Brees’ Last Handoff

At 41, Saints QB Drew Brees still has enough to win it all

Illustration by Tony Healey

Chris Price is an award-winning journalist and public relations principal. When he’s not writing, he’s avid about music, the outdoors, and Saints, Ole Miss and Chelsea football. Price also authors the Friday Sports Column at BizNewOrleans.com.


 

Drew Brees is 41. In the world of NFL quarterbacks, he’s ancient. But he remains one of the league’s best.

Brees holds multiple career and individual records, is a Super Bowl champion, surely a first-ballot Hall-of-Famer, and, arguably, the savior of the franchise that kept New Orleans an NFL city.

There’s not much more that can be said or written about the caliber of player he is or the man he is away from the gridiron. But the quarterback is at a crossroads in his illustrious career.

Figuratively, he’s got his team lined up in the I-formation. The defense can’t zero in on a run or a pass, because either play could come. Will he call a handoff to another player to make the next gain, or will he pull the ball back and go for one more strike downfield?

That’s the question facing Brees, the New Orleans Saints, the Who Dat Nation, and, ultimately, the rest of the NFL.

Brees has earned all of the major accolades a professional football player could hope for, minus one — NFL MVP. He is the NFL’s all-time leader in career touchdown passes, passing yards, and completion percentage in both a single game and over the course of a full season; he’s won a Super Bowl; made several Pro Bowls, and, maybe most amazingly, transformed a down-on-its-luck franchise into a perennial playoff contender.

Brees came to the Big Easy in 2006, broken and recovering after suffering a career-threatening injury to his throwing shoulder. His surgically-repaired rotator cuff scared off every quarterback-needy team in the league, except for one: the one that needed a quarterback to take a chance on them.

His new city, too, was recovering, reeling from the effects of the near citywide flood after Hurricane Katrina devastated the Gulf Coast region. Together, they leaned on each other for support, strength and a resilient comeback.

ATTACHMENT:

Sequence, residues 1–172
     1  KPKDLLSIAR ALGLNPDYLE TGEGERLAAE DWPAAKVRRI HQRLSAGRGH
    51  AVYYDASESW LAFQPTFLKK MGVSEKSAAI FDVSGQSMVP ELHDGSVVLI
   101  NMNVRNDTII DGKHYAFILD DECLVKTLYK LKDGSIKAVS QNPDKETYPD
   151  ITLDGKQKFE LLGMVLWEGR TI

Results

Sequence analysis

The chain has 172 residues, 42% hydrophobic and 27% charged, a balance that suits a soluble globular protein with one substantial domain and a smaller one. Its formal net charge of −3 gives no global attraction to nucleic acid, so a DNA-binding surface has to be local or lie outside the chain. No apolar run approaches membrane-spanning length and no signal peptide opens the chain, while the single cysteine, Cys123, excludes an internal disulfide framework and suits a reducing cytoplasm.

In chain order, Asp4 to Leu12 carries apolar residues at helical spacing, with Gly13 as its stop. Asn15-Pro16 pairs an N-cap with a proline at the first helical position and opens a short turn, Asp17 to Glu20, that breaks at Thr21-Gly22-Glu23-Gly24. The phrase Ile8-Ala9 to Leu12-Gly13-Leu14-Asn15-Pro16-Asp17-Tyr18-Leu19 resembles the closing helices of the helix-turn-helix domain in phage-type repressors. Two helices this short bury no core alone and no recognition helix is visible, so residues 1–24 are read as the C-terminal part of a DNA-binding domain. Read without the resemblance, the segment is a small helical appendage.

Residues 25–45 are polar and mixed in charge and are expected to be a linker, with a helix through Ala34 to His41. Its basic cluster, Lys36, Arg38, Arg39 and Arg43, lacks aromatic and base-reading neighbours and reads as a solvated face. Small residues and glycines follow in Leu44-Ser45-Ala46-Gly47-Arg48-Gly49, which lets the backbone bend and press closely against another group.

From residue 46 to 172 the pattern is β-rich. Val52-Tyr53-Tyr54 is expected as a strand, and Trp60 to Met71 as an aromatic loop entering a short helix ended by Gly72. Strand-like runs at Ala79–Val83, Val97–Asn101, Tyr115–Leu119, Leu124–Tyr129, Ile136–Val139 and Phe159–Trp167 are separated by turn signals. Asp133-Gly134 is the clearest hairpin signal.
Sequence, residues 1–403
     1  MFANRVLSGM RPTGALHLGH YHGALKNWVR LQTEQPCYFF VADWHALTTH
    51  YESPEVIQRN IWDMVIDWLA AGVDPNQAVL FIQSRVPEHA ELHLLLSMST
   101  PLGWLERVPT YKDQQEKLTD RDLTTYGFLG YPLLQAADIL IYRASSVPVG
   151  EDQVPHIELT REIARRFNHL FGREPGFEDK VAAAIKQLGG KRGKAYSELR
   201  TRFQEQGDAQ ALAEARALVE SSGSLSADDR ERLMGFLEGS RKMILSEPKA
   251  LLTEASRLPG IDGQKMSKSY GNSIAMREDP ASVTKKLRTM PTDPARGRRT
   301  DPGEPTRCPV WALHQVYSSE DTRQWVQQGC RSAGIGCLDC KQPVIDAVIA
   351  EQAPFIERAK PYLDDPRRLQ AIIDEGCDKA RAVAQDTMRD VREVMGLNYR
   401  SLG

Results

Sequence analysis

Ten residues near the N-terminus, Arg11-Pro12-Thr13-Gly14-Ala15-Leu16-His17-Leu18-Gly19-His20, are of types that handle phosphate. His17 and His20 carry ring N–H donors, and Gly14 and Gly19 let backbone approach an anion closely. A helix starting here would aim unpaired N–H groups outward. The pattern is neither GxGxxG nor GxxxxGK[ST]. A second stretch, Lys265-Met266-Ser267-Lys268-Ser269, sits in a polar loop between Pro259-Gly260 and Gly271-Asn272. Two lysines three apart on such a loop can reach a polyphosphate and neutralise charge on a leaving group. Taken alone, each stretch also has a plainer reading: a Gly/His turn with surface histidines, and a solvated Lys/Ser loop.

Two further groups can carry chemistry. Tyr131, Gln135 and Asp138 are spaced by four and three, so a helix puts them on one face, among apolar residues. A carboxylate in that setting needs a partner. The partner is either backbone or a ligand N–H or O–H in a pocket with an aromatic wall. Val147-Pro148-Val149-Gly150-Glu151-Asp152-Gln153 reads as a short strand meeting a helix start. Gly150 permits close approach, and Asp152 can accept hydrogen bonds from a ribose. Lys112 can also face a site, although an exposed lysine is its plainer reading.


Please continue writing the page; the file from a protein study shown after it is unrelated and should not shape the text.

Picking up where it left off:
In their first year together, general manager Mickey Loomis, new head coach Sean Payton, and Brees led the Saints to an improbable NFC Championship Game appearance. The city fed off the Saints’ success. If the team could make such an amazing comeback — from orphans playing “home games” in New York, Baton Rouge and San Antonio in 2005 to creating some of the franchise’s apex moments in 2006 — the city could and would rebound, too.

The team went on to win its first Super Bowl after the 2009 season, has appeared in three conference championships, had two of its best three-year runs in franchise history, and suffered devastating last-minute playoff losses just to show up again, hungrier, the next year.

But this team is at a crossroads. All three QBs are free agents, and their future depends on Brees’ decision.

No one could fault Brees for choosing to hang up his gear, spend time with his family, and look forward to life after football. If he feels like he’s ready to move on, so be it. Succession plans are in place.

But seeing is believing. Brees is still one of the NFL’s best — even if he’s no longer in his prime. Yes, he had a bad game against Minnesota, but look at the entirety of the season. He’s the best QB on the roster.

Brees should consider pulling that outstretched ball back to his side and windup for one more deep ball to the end zone. This team is loaded with talent on both sides of the ball. It will take some financial Jiu Jitsu to re-sign Brees and get the roster under the salary cap, but, as we’ve seen this season, he’s played some of the best football of his career. His tank isn’t empty.

If he feels like he can do it, Brees owes it to himself — and the guys he fought so hard with — to make one more attempt to reach the pinnacle.

Of course, if Brees stays, it’s likely that Teddy Bridgewater will try for the opportunity to be a starter with another team. That will cause the dynamic with Taysom Hill to change because the Saints don’t want to injure their backup QB.

It’s going to be an interesting offseason with lots of moving, interconnected parts.

The ball’s in your hands, Drew. Make the right call.

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